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Cornish-filmed movie of artist Alfred Munnings gets London premiere

By Western Morning News  |  Posted: June 10, 2013

By Simon Parker

  • Downton Abbey actor Dan Stevens as Gilbert Evans with Emily Browning as Florence Carter-Wood in Summer in February

  • Producers Pippa Cross and Jeremy Cowdrey, left, with Mia Austen (Dolly) and Max Deacon (Joey Carter-Wood) and author and screenplay writer Jonathan Smith at the Penzance premiere

  • The wonderful scenery of Lamorna Cove, Cornwall, was a backdrop to the artists who worked there and now to the film of their story

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Cinemagoers in Mayfair will be given a taste of Cornish life this evening when a new film charting the passionate love story of celebrated artist Alfred Munnings receives its London premiere.

Audiences in Cornwall have already had a chance to see Summer In February at three preview screenings ahead of its national release. And the moving story, set in the rural valley of Lamorna, won praise from those attending the first showing in Penzance's Savoy cinema last week.

Book publisher Heather Corbett, from St Agnes, said: "It is beautifully shot and is directed very sympathetically, without being sentimental. The acting is excellent, with a brilliant performance by Dominic Cooper as the obsessed Munnings. The story itself is played out with care and, though a simple tale, my interest never flagged – and Cornwall looked pretty wonderful as well."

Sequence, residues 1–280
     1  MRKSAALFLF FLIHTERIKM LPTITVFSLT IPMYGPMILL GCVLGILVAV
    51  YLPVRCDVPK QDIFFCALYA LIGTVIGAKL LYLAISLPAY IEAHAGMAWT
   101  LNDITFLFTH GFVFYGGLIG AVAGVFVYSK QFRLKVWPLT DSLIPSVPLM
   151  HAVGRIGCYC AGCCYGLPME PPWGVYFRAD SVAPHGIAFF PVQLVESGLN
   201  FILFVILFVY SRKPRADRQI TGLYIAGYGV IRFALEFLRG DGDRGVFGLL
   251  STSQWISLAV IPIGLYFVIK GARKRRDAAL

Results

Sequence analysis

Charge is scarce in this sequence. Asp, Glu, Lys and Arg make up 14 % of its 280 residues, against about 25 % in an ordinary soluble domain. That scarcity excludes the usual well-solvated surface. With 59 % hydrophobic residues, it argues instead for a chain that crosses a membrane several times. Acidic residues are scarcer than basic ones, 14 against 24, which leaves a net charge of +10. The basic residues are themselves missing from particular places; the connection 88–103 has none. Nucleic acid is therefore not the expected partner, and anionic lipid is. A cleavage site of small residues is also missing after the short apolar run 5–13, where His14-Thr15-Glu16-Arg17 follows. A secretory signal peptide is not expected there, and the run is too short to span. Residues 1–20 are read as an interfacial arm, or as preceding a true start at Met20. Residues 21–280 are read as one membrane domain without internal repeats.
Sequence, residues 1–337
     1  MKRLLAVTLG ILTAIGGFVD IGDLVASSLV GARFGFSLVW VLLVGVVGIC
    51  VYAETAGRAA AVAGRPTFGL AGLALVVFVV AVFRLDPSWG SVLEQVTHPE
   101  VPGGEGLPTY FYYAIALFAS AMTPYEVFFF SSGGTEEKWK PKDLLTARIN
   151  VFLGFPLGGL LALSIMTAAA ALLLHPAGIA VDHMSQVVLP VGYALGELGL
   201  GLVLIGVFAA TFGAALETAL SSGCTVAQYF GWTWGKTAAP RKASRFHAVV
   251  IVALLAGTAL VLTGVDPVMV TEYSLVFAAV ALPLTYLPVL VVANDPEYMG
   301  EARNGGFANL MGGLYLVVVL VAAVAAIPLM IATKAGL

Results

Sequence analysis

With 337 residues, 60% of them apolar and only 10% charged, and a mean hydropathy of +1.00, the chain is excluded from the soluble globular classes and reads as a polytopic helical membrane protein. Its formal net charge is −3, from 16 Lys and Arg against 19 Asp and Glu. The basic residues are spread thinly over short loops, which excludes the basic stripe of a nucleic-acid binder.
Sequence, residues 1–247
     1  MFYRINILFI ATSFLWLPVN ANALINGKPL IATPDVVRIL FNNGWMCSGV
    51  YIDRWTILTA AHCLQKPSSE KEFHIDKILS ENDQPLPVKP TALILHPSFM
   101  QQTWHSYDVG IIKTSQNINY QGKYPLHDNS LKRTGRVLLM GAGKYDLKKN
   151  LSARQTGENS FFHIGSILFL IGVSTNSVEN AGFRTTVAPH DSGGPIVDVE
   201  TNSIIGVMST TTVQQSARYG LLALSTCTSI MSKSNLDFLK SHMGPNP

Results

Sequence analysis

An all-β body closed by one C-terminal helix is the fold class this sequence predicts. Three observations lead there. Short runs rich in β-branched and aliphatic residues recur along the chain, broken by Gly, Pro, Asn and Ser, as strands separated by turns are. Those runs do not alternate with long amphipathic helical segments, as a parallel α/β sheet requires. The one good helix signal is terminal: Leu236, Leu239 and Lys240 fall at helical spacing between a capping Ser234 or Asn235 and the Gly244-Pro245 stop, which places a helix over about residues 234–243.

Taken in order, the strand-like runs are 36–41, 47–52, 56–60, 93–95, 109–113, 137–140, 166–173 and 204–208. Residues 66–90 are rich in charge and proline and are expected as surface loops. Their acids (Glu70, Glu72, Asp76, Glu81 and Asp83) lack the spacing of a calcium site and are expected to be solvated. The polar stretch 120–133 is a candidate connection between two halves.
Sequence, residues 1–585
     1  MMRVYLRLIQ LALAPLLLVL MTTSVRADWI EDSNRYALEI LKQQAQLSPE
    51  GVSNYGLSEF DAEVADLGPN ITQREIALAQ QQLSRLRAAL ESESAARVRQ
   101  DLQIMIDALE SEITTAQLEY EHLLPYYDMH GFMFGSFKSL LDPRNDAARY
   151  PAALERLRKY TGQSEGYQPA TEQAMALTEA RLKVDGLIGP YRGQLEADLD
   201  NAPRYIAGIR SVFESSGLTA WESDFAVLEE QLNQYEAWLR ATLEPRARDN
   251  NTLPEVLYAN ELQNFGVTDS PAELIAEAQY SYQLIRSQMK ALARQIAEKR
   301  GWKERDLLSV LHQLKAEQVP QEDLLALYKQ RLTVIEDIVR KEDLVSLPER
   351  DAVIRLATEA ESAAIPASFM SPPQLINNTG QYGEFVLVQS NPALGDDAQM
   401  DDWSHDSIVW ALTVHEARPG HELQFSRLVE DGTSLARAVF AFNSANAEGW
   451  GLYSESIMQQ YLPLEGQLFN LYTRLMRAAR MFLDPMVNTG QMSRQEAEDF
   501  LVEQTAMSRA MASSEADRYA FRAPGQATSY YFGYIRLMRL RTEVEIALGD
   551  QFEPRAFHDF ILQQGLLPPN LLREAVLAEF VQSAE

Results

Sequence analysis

Summer In February is based on a novel by Jonathan Smith and stars Dominic Cooper as Munnings, Emily Browning as his first wife Florence Carter-Wood and Downton Abbey actor Dan Stevens as her lover, Gilbert Evans. Florence met the charismatic artist when she moved to Newlyn to study at Stanhope Forbes's school of painting. The couple wed in 1912, but their marriage proved disastrous, with Florence seeking solace in the company of Gilbert Evans, Lamorna Valley's land agent.

Directed by Christopher Menaul, the story is set in the years running up to the First World War and is based on Gilbert Evans' own diaries.

Katie Herbert, who curated an exhibition that focused on the work of Lamorna artists at Penlee House in Penzance to coincide with the release of the film, also attended the sell-out premiere in the town. "With a wholly local audience, the producers were perhaps facing their toughest critics," she said.

"But the overall setting and feel of the film really did justice to the dramatic landscape that has drawn artists to this part of the world and Jonathan Smith's adaptation of his own novel was remarkably true to the original story and portrayed it with intensity and sensitivity.

"The main characters were really brought to life by the excellent choice of actors, who had obviously researched their roles with integrity, getting a feel for their characters and even learning just how to hold the paintbrush. It will surely help cement the Lamorna artists' place in artistic history."

Sir Alfred Munnings, who died in 1959, was a contemporary of Laura and Harold Knight, Frank Gascoigne Heath, Dod Procter and Geoffrey Garnier. Best known for his equestrian and First World War paintings, he lived and worked in West Cornwall for several years. Fiercely anti-Modernist, he was elected president of the Royal Academy of Art in 1944, where he disgraced himself in an inebriated speech when he condemned everyone from Matisse and Cezanne to Picasso.

Summer In February goes on general release on June 14.

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